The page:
The Pain. The Pain.

[Trigger warning.]

As you may recall, the inaugural post in the "This is a real thing in the world" series was a trailer for A&E's new reality series, Steven Seagal: Lawman.

Okay, so Iain and I watched the first two episodes this weekend, and it's more horrendous than you can even imagine.

First of all, the police force of which Seagal's a part is in Jefferson Parish, Louisiana, and his unit—comprised exclusively of middle-aged white men—patrol an area that is extremely impoverished with a population that appears to be mostly black. And they spend the first two episodes basically acting out every negative narrative about white cops in black neighborhoods: Treating two black men sitting in a car as "suspicious activity," overzealous (I'm putting that nicely) use of the taser, arresting white men who started some shit and the black men (and woman) with whom they started it, being generally fascist and officious assholes in every way.

There's also an incredibly disturbing scene in which the cops are called to a bar in which the owner has called about a patron who's drunk off his ass and bothering the other customers, and refusing to leave. Despite the fact the way he's "bothering" the other customers is that he's been "touching the women inappropriately," he's sent on his way to "sleep it off." Har har—boys will be boys, amirite?

And yet, none of that is even what made the show unbearably painful to watch. What made it excruciating is that Steven Seagal is a wanker of mythic proportions. And he doesn't even know it.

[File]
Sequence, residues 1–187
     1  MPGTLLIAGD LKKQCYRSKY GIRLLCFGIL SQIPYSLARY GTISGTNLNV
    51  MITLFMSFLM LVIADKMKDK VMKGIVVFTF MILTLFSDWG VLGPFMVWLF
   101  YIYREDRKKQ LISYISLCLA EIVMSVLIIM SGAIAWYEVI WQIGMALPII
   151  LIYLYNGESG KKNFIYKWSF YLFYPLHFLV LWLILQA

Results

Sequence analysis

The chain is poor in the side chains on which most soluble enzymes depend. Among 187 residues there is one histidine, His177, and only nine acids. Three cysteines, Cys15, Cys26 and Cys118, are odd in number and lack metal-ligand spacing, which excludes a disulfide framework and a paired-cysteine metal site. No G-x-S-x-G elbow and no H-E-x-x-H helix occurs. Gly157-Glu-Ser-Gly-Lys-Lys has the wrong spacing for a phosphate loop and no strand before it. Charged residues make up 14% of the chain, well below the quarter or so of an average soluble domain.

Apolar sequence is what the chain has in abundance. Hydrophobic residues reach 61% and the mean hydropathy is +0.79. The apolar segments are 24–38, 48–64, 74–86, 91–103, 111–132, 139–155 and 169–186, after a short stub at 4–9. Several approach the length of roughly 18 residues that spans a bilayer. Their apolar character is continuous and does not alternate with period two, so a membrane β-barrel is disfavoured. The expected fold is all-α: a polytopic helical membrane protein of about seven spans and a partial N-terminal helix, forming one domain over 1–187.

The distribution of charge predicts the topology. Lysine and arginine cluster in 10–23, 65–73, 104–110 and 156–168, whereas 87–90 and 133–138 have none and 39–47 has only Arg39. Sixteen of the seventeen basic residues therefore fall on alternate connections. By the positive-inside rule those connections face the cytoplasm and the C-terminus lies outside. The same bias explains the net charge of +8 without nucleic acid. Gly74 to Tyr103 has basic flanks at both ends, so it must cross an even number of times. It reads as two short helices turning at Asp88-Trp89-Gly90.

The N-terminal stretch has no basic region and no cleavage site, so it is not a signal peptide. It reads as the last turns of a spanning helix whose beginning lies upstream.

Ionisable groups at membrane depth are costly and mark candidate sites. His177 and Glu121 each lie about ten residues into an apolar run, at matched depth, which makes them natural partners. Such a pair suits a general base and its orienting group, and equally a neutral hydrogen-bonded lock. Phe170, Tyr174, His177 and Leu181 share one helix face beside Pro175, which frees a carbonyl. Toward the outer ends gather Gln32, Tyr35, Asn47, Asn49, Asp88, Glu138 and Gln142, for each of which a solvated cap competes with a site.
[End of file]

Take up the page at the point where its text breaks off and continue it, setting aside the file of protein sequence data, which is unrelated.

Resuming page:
Steven Seagal: Lawman is the adult story of the martial arts-obsessed weirdo kid in your middle school—not the one who was fun and witty and was totes okay with being seen as a bit of a dork by a less enlightened lot, but the one who generally believed he was cool and would stand off to one side doing karate kicks by himself after he got knocked out in dodgeball and who actually thought a good way to impress girls was by getting them in a headlock. It's that kid, all growed up, and saying things like "Don't think of me as Steven Seagal, movie star—think of me as Steven Seagal, the guy who could save your life" with a straight fucking face.

Seagal has no sense of humor about himself—none. And when you're a joke, not having a sense of humor about yourself makes you a colossal wanker.

It also makes the show incredibly difficult to watch.

The guys in Seagal's immediate unit aren't Jefferson Parish's finest. They seem like cops who are a bit past it—I don't mean old; my grandfather was NYPD and was fit and nimble and agile-minded and driven until the day he retired. I mean that these guys seem complacent, resigned. They look like the guys who were never good enough to make detective, basically—guys who are expendable while they fuck around with Steven Seagal and a camera crew. One, maybe two, seem in awe of him. The others seem like they're trying not to roll their eyes when Seagal says "the zen way" for the thousandth time in ten minutes, or mentions, yet again, that he's got 40 years of martial arts experience.

They all look miserable and embarrassed when subjected to Seagal teaching them aikido "moves" to dispossess a suspect of a weapon. He twists their arms and bends their fingers until they wince and beg for release. "It took me 40 years," he tells them, "but I've got to teach you in a day to save your lives."

When Seagal is put in front of a wide group of Jefferson Parish's finest to teach them some defensive maneuvers, there are officers who can barely stifle the laughter. It's absurd—spending an hour being taught random crap by Steven Seagal, STEVEN FUCKING SEAGAL, who gives no indication he understands how patently absurd it is.

At best, they're wondering who the fuck this dude thinks he is. And the thing is, he thinks he's their hero.


Yes, it's a real thing in the world. But I don't recommend watching it.

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